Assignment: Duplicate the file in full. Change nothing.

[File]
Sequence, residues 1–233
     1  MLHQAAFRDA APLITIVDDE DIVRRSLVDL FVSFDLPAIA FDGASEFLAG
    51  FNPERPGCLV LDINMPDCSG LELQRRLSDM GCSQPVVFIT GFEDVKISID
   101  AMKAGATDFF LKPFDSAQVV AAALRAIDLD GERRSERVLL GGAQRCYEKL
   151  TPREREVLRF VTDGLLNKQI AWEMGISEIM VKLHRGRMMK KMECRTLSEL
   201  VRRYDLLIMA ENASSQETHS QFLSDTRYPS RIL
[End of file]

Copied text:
Sequence, residues 1–233
     1  MLHQAAFRDA APLITIVDDE DIVRRSLVDL FVSFDLPAIA FDGASEFLAG
    51  FNPERPGCLV LDINMPDCSG LELQRRLSDM GCSQPVVFIT GFEDVKISID
   101  AMKAGATDFF LKPFDSAQVV AAALRAIDLD GERRSERVLL GGAQRCYEKL
   151  TPREREVLRF VTDGLLNKQI AWEMGISEIM VKLHRGRMMK KMECRTLSEL
   201  VRRYDLLIMA ENASSQETHS QFLSDTRYPS RIL